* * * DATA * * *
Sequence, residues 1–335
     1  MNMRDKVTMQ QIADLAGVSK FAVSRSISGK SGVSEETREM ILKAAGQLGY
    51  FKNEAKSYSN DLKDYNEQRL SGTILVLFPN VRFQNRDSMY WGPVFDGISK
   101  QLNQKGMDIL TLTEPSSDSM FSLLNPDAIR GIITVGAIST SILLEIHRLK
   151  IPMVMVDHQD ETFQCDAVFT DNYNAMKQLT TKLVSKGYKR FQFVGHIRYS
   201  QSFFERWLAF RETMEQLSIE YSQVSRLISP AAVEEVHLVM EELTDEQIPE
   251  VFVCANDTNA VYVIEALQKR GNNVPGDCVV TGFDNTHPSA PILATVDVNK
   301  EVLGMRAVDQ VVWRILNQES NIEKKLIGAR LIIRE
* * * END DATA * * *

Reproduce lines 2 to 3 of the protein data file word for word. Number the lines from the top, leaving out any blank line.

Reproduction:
     1  MNMRDKVTMQ QIADLAGVSK FAVSRSISGK SGVSEETREM ILKAAGQLGY
    51  FKNEAKSYSN DLKDYNEQRL SGTILVLFPN VRFQNRDSMY WGPVFDGISK